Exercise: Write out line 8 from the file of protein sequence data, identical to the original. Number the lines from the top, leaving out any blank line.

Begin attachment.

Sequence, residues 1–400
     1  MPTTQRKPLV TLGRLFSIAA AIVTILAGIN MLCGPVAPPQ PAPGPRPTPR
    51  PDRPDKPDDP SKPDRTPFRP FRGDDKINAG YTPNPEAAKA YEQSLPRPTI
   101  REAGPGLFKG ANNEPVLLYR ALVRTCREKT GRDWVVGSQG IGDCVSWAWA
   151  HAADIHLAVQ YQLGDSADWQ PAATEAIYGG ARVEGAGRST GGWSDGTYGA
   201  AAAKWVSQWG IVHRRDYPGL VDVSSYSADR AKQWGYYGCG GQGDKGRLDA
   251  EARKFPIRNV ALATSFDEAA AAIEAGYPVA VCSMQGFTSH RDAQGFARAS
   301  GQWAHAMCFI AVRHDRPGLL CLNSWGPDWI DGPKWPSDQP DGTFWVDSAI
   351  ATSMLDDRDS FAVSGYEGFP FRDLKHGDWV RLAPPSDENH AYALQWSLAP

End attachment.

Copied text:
   301  GQWAHAMCFI AVRHDRPGLL CLNSWGPDWI DGPKWPSDQP DGTFWVDSAI